Free Our Data: the blog

A Guardian Technology campaign for free public access to data about the UK and its citizens


Could a surcharge on planning applications fund free data from Ordnance Survey?

Since we’re playing with hypothecated taxes – which we should point out is not a central tenet of the Free Our Data campaign; we think governmnent should fund this centrally, but recognise that in tight economic times it’s hard to persuade government to spend more rather than doing revenue-neutral “experiments” – let’s examine the suggestion (made elsewhere) that OS’s free data should be funded by a surcharge on planning applications.

After all, the logic goes, planning applications are voluntary; and they require OS detail. (One has to submit a number of copies of OS maps of the area the application applies to.)

[A disclosure up front: I have a planning application in process. However, the following simply emerges directly from the available statistics.]

Let’s recall the amount that needs to be raised, according to the Cambridge study, to compensate OS for the loss of revenues from selling its “raw” or “public task” data: £12m – £30m.

Now, how many planning applications were there for the UK? For England and Wales, the total applications received looks like this:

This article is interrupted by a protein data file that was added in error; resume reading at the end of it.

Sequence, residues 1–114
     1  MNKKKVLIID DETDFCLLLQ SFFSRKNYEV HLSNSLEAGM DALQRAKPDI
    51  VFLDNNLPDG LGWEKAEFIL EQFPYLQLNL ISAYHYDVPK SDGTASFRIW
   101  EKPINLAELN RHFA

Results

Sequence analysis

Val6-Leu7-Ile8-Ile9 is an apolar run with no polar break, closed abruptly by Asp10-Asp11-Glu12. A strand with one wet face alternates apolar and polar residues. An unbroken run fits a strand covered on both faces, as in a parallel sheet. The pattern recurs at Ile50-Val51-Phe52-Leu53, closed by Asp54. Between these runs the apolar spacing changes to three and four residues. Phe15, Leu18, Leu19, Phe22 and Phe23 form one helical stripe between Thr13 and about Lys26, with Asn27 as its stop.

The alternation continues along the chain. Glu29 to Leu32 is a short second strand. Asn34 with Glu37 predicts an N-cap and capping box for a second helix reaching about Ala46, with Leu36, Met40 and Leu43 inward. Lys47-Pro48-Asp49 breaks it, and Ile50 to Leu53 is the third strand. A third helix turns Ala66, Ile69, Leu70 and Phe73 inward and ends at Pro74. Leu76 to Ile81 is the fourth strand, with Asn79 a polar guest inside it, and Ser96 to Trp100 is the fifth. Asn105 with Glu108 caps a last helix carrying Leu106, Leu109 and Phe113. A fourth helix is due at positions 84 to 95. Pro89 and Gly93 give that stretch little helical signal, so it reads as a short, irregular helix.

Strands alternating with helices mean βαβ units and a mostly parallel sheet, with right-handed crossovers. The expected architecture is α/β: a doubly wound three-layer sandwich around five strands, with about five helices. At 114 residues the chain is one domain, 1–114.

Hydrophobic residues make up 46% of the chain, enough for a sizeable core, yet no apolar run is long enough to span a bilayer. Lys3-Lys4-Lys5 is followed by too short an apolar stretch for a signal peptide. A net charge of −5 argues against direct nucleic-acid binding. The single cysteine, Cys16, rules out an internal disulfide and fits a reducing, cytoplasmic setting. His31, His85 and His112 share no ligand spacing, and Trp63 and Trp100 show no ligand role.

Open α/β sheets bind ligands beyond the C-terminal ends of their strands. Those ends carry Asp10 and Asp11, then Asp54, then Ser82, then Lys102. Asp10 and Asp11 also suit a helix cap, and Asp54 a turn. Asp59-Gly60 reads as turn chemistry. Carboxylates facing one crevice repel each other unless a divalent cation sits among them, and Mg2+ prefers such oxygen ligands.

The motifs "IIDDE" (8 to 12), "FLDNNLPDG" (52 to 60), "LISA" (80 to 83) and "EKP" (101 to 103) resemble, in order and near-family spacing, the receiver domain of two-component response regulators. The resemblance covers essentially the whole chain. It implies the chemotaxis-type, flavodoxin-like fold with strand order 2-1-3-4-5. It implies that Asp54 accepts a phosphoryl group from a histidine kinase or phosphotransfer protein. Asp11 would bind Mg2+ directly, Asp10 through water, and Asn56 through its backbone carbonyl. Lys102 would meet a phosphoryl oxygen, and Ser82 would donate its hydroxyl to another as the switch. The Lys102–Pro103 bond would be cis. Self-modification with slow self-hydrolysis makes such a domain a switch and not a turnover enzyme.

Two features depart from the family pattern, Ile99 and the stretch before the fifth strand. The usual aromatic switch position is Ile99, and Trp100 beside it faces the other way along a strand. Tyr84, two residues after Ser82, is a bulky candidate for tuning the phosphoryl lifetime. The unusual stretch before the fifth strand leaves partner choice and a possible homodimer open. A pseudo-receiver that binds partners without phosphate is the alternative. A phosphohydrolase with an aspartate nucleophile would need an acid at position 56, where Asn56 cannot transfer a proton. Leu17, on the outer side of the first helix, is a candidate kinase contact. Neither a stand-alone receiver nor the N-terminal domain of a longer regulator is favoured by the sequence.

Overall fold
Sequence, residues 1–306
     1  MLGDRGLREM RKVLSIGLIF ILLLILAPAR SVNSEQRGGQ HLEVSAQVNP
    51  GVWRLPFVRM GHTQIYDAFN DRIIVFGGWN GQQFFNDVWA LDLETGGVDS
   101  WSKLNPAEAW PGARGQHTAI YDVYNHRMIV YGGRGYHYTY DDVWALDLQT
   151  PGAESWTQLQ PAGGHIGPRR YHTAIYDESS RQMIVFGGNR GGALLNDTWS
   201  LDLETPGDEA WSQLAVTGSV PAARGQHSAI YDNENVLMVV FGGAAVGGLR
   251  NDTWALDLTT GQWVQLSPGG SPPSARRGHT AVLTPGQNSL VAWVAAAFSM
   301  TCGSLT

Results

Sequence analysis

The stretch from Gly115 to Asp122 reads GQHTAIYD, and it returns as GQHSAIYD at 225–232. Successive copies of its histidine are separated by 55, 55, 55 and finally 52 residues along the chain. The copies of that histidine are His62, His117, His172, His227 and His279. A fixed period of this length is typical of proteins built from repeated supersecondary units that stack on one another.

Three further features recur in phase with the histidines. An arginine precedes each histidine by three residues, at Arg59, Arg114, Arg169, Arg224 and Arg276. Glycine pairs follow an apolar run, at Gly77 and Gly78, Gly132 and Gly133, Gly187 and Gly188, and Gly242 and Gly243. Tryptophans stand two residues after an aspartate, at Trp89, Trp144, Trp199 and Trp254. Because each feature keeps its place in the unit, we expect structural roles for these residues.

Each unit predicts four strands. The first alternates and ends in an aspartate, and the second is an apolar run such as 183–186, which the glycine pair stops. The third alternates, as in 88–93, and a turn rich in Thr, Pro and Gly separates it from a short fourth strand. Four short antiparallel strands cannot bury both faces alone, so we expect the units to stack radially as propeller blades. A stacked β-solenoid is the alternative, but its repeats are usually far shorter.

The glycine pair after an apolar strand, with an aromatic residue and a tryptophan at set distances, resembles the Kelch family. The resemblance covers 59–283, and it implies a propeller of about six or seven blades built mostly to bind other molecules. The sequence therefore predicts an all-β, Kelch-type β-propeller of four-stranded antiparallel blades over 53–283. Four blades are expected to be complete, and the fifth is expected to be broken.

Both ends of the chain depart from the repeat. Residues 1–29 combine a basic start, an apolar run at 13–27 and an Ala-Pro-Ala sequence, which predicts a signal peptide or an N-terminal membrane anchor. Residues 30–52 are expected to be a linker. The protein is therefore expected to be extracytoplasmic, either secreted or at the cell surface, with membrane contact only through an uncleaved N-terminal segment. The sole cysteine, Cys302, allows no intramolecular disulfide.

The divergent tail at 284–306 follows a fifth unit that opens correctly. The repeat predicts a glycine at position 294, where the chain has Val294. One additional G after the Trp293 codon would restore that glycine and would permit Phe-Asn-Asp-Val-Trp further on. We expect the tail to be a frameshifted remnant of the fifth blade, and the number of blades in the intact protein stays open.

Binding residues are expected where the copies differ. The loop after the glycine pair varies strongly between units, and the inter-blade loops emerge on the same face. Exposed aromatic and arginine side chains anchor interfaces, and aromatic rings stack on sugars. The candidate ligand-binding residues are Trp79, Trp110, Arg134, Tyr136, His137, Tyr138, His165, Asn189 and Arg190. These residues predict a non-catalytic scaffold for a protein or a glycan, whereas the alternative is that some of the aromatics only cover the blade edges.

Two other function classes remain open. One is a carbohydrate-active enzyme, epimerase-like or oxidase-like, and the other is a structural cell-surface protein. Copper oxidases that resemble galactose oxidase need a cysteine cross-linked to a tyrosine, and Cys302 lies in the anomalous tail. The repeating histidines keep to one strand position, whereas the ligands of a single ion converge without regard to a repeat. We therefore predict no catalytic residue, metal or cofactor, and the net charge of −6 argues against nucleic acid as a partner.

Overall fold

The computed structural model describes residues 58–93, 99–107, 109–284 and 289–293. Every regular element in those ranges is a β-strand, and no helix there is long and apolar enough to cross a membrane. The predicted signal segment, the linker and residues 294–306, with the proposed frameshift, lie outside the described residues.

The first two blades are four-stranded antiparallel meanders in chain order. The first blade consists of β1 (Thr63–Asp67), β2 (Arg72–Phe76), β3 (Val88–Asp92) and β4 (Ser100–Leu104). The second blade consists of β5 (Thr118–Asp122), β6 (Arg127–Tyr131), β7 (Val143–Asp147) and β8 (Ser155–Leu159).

This is only for England and Wales, of course, but shows that planning applications, even at their busiest, are an order of magnitude less than Land Registry transactions. True, this excludes Scotland, but even if that has as many planning applications as England and Wales (which seems unlikely), that would only be a total of about 1.3m applications in the busiest time.

That in turn would imply a surcharge per application received of roughly £10 to £30. Whether that’s small or large compared to the cost of the overall transaction (which might be putting up an extension on a house or a change in use, requiring no actual building) isn’t clear.

(Locally, making an application costs between £135 – £265. It may vary in other locations. The surcharge would also have to be collected from multiple councils, which would impose an administrative overhead; by comparison, there’s only one Land Registry.)

But as an actual amount per transaction, it’s comparatively large, meaning it would be very sensitive to variations in the number of applications. The figures there vary from 501,000 to 689,000 – a 28% or 37% variation, depending which you take as your numerator.

Why might this be? Perhaps Land Registry transactions include commercial purchases, which occur more frequently. And also that people buy and sell houses more frequently than they do things to them. Either way, it’s doesn’t look like the optimum way forward. It’s certainly a lot more expensive – per transaction – than a Land Reggistry surcharge.

Year or Quarter

Planning
applications
received (,000)

1997/98

505

1998/99

501

1999/00

521

2000/01

545

2001/02

582

2002/03

635

2003/04

674

2004/05

689

2005/06

645

2006/07*

644

* provisional. Source: DCLG
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